Join us for a cozy autumn afternoon lecture!
The most famous American witch-hunt began in 1692 in Salem, Massachusetts. Yet, more than three decades before that notorious event, Long Island had its very own witchcraft trial — the trial of Goody Garlick! Accusations of flying on poles and cavorting with the Devil ran rampant in the colonies during the 17th century and led to hundreds of accusations of witchcraft. To understand what happened during these trials, we must first understand the stresses of ordinary 17th century life in New York and why the fear of witches existed. The trial of Goody Garlick will act as a lens to understand the hysteria associated with these accusations.
Tickets are limited, advanced registration is required. $10 per person. To register, please call 631.298.5292 OR register online by CLICKING HERE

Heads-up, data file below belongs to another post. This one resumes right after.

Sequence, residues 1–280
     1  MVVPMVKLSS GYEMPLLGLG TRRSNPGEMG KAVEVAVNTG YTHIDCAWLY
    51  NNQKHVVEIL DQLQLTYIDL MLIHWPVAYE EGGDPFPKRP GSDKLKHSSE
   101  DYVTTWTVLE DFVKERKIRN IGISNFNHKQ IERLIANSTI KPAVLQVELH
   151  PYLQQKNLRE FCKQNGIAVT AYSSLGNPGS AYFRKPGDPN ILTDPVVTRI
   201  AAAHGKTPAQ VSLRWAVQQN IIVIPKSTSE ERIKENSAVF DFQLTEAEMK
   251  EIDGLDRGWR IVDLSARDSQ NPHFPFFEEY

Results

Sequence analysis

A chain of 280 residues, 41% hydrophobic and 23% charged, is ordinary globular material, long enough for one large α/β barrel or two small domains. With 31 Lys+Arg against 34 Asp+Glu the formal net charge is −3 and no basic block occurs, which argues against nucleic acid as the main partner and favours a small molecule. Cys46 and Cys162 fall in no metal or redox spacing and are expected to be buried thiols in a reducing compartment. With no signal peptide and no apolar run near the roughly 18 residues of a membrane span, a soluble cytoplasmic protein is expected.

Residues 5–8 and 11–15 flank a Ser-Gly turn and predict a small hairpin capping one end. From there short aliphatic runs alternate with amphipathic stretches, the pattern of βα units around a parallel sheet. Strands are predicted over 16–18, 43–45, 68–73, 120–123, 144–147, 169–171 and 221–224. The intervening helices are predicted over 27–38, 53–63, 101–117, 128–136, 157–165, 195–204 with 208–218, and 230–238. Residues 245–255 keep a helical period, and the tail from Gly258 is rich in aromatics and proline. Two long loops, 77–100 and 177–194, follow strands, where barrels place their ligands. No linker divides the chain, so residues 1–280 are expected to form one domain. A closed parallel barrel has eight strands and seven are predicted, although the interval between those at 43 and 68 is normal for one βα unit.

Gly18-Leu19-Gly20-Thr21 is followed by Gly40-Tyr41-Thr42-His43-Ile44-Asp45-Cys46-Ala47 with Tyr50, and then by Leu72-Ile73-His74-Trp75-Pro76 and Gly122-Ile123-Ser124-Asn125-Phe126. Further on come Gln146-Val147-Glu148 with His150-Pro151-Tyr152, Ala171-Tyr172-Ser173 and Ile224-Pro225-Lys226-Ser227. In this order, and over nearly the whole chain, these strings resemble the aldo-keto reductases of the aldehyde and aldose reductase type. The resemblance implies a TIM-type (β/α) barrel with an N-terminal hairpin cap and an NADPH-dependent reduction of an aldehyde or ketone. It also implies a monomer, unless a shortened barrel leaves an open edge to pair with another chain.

About the Speaker: Tara Rider, Director of the International Academic Program to Ireland & Lecturer, Stony Brook University. Tara is the director of Stony Brook University’s international academic programs to both Ireland and England, where she seeks to introduce students to new cultures, ideas, and histories. She has several history courses including Atlantic maritime history, American environmental history, Environmental ethics, Long Island history, Irish history, Technical Communication as well as survey courses of European and American history. Her current research has been centered on the geo-politics of sixteenth century Ireland and includes a study in how gender becomes symbolic of the turmoil involved in colonization. Tara earned her Ph.D. in history from SUNY Stony Brook.